Zhuzh, cont.: scale, light, texture, color

By Caitlin Kelly

A very quick primer on what makes a room really work, and what can kill even the best-laid plans.

One interior designer, the late legendary Albert Hadley, used to talk about skylines — think about a typical urban one; it has high and low points, spots of light and pools of darkness. It offers inherent drama and a bit of mystery.

The most attractive rooms have one as well.

How?

 

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Our dining room: Custom-made curtains. The wall color is Farrow & Ball Peignoir and the framed image is from a British design magazine.

 

Look around your rooms. Is everything the same size and shape? (i.e. all chunky rectangle or squares?) Does your eye stay only on the same level?

Is all your lighting (noooooo!) coming from an overhead source (noooooo!) without a dimmer to alter the mood? The ideal room is lit with at least four or five different sources, preferably for task work, reading, mood — a single glaring central ceiling fixture is harsh, unflattering and inefficient. Our living room has two matching tall lamps (symmetry helps!) that illuminate the sofa; a small lamp in a corner that lights up a photo on a wall and a lamp on a chest by the front door. No bulb offers less than 100 watts.

Scale is tricky — people often choose pieces that are too small for a space or too large. Or there’s just too much stuff in the space so you always feel a bit out of breath and annoyed but don’t know why.

Smaller pieces — like light, moveable side tables and stools — can be much more versatile and useful than the standard sofa/chairs/coffee table.  We ditched two large club chairs and splurged on two square, low, deep green velvet stools, They offer comfortable and stylish seating without consuming nearly as much space.

 

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Since re-arranged, a glimpse of our living room — looking a bit cluttered! Found the antique mirror in a Quebec antique shop and the small wooden table at a Connecticut consignment shop. Wall color is Gervase Yellow by Farrow & Ball.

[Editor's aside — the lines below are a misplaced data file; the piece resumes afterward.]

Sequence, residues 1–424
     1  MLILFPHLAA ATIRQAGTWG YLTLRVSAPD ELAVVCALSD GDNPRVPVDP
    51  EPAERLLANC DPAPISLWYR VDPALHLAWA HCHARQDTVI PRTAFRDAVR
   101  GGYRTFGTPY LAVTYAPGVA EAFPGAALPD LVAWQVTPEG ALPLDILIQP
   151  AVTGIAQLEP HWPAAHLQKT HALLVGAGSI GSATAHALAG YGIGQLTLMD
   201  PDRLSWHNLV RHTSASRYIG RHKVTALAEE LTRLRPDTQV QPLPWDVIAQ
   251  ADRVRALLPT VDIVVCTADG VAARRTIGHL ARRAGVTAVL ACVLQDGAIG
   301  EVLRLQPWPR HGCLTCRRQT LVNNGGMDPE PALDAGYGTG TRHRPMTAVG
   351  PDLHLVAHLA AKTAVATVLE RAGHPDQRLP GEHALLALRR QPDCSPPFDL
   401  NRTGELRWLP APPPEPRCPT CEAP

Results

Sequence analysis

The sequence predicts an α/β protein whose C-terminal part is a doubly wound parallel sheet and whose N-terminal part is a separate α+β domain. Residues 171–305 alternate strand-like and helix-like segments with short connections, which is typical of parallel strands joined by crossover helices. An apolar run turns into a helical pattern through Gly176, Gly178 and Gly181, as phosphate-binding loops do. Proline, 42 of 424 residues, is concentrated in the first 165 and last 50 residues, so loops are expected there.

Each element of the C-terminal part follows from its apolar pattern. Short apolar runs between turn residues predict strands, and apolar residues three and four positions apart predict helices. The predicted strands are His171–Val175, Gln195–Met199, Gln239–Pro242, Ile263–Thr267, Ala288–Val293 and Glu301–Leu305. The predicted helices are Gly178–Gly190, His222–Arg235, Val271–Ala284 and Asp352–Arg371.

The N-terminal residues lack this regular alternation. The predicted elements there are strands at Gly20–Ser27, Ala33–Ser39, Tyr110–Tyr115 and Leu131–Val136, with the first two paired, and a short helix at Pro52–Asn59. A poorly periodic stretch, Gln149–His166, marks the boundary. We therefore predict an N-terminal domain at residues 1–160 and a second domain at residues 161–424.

The most interesting rooms have a range of different textures: suede, leather, chenille, velvet, silk, cotton. Smooth glass and rough stone. Gleaming brass or lucite.

Color can be challenging to get right, and I’ve blogged on this many times before.

Learn which colors work best with one another, and why. For example, a room combining red and green doesn’t have to look like a Christmas stocking if the red is a soft rusty-burgundy and the green a pale sage (the colors of our sofa and trim) — and it works because these colors are opposite on the color wheel.

Design magazines, books and websites offer a lot of great tips and inspiration, from Apartment Therapy to Insta accounts belonging to designers.

Making a home beautiful isn’t always quick, easy or cheap. It can take longer to afford and assemble the look you want most, but it’s worth it. I saved up for years to buy my Tizio lamp — it cost $500 in the 1980s — but I still use it today and still love it.

I’ve never regretted investing in the beauty, efficiency and comfort of our home.

Time to zhuzh! Yes, it’s a word

By Caitlin Kelly

Just try saying it!

As someone who studied interior design and spends far too many hours on Instagram and reading shelter magazines for inspiration, I love nothing more than a good zhuzh  — making something more attractive.

As winter’s short, gray cold days descend on those of us in the Northern Hemisphere, here are some of the recent things we’ve done to feather our nest, a kid-free, pet-free one bedroom apartment of about 1,000 square feet. We’re both full-time freelance now, so this is also a place we do a lot of writing and editing work as well.

Sanding, spackling and painting all cracks in the walls

 

So boring! So annoying! So damn necessary. It’s either us and our own sweat equity or shelling out even more money — again — to a company to do it for us. There will still be some bad ceiling cracks and we’ll pay someone to deal with those. For reasons I do not understand, this 60-year-old building still (!?) settles and creates these damn cracks.

A fresh coat of paint on the dingiest spots